Stencil is a comprehensive education consulting service centre for students aspiring to pursue international higher education. Housed within a former industrial building that sat abandoned for years in the western zone of Bengaluru. Given that the client base consists of young people in their early twenties, the brief was to conceptualize a space that the young generation would relate to and would be comfortable working in. Decoded as an adaptive reuse translation of architecture, the space is envisaged as a co-working space for students, to promote interaction, dialogue and an exchange of ideas.
Seeking to preserve – and celebrate – the original building elements wherever possible, the existing roof of the building shell has been retained and expressed in the architectural intervention. The metal roof with trusses has been painted to achieve the desired industrial aesthetic. A dramatic statement is made by suspending regular lights end-to-end, mounted on raceways of the existing trusses. These have been aligned in a manner that ensures that there is ample task lighting, while animating the space in a more dynamic way.
Conceived as a workshop, the 1,550 square-foot centre contains staff cabins, a discussion area, a server room and communal areas for breaks and collaboration. Shifting away from the typical cuboidal workspaces, the centre is divided into two main programmatic areas – a public zone for student interactions and a private one for the staff. All private spaces get tucked into an angular sculptural object underneath the large overhanging roof. In the public area, a long corridor is lined with a discussion table and workstations that are designed to enable maximum seating and interaction between the team members. The private zone on the other side of the corridor comprises of adjoining cabins with a conference room in the centre. The cabins have a glass face to arm maximum transparency within the office.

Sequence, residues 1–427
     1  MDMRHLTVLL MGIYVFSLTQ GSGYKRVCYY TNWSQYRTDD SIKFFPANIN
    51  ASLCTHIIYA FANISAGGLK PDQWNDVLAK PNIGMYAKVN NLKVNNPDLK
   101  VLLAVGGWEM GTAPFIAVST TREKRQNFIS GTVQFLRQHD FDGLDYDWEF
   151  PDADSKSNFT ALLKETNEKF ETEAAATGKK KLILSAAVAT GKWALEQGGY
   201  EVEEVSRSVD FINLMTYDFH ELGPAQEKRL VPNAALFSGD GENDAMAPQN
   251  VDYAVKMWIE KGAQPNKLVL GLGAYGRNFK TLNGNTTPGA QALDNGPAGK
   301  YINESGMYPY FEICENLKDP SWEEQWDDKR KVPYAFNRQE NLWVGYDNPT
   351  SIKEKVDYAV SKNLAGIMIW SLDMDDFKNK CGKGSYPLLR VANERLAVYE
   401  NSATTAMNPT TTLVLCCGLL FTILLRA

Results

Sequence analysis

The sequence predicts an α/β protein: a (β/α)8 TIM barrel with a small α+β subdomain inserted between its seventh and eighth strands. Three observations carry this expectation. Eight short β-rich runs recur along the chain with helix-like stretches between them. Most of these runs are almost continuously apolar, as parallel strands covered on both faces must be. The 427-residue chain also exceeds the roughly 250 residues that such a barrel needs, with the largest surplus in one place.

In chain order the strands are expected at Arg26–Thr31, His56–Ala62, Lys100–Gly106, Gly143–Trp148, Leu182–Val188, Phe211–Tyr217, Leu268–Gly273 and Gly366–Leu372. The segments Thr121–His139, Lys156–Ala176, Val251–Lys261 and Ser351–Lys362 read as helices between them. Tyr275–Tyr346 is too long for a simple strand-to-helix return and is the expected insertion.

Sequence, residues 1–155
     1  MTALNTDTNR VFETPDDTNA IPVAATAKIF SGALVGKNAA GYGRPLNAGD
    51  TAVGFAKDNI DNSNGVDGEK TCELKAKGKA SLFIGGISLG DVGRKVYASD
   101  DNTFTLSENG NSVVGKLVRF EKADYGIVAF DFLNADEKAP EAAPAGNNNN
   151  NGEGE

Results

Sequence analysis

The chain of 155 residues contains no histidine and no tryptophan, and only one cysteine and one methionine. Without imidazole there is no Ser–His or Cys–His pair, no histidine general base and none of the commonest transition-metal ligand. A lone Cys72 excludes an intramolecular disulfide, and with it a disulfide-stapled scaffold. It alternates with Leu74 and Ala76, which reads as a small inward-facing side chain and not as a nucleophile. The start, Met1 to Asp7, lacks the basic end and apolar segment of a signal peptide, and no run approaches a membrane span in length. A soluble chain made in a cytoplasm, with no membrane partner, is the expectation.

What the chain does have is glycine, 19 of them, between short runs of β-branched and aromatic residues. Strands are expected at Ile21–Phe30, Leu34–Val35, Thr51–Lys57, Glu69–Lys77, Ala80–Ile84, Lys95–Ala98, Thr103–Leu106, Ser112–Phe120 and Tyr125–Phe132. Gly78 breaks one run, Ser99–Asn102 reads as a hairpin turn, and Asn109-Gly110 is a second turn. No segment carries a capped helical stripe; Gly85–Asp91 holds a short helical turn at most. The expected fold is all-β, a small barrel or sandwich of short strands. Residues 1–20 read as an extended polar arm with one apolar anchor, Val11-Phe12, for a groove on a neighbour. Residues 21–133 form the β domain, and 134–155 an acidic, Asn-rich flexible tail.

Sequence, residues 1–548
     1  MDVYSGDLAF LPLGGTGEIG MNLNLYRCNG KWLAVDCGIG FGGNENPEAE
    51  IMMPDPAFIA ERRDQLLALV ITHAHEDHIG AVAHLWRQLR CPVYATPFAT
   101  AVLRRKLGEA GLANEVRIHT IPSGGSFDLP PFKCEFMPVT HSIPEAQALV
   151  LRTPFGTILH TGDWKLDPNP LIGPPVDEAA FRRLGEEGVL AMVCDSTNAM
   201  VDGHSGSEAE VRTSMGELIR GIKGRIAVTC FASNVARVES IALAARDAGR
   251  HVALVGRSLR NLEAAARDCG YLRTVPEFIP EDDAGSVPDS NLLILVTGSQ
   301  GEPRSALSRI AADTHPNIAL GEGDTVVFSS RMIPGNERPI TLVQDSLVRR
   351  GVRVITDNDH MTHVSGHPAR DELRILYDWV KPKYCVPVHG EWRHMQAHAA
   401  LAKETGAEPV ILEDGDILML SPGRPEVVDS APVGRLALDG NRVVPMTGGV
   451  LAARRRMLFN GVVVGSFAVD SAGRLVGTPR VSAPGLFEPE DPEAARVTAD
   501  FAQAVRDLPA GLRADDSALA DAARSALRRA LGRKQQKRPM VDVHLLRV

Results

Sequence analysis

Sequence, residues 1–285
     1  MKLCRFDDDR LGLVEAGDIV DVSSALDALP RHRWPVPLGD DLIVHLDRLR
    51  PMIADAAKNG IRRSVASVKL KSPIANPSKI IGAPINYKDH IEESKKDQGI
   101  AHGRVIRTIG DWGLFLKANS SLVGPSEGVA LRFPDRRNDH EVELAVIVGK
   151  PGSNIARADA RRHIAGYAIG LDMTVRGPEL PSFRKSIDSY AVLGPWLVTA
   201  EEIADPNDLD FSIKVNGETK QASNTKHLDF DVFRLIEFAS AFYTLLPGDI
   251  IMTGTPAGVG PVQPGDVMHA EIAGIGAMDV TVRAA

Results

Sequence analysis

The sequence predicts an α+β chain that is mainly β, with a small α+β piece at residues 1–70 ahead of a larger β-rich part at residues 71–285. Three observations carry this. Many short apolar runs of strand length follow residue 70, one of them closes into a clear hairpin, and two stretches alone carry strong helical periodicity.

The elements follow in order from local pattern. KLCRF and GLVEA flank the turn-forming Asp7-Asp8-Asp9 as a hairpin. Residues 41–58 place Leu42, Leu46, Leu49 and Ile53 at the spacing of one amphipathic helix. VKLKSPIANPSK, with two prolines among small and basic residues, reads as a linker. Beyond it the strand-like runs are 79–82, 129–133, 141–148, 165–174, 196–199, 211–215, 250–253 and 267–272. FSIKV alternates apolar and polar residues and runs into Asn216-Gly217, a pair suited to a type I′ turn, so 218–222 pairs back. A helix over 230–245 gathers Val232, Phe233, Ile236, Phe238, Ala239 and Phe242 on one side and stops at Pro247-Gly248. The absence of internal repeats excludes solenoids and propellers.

The interiors are muted and flaunt a predominantly monochromatic stroke. Textured vitrified tiles in grey cement are used for flooring. Furniture in the lobby compliments the design language of the private cabins and is highlighted with the use of bright accents in contrast to the monochromatic wall and floor finishes. Work tops are made in Medium Density Fibre-board (mdf), and adorn a black laminate. Complementing the overall design language, the tables in the reception and discussion areas are finished in glossy Duco paint with glass tops for ease of working and durability. The glass top also adds an element of reflection and drama to the space.
The angular object that houses all the cabins is executed in gypsum and finished with a rough concrete paint finish to give a rustic industrial look. The art work in the centre is exhibited and accentuated via a direct application of paint on the walls and vinyl stickers. An abstract skyline of the major cities in the USA has been conceptualized in a single graphic that also becomes a datum, running throughout the length of the office, concealing the pelmet with the blinds.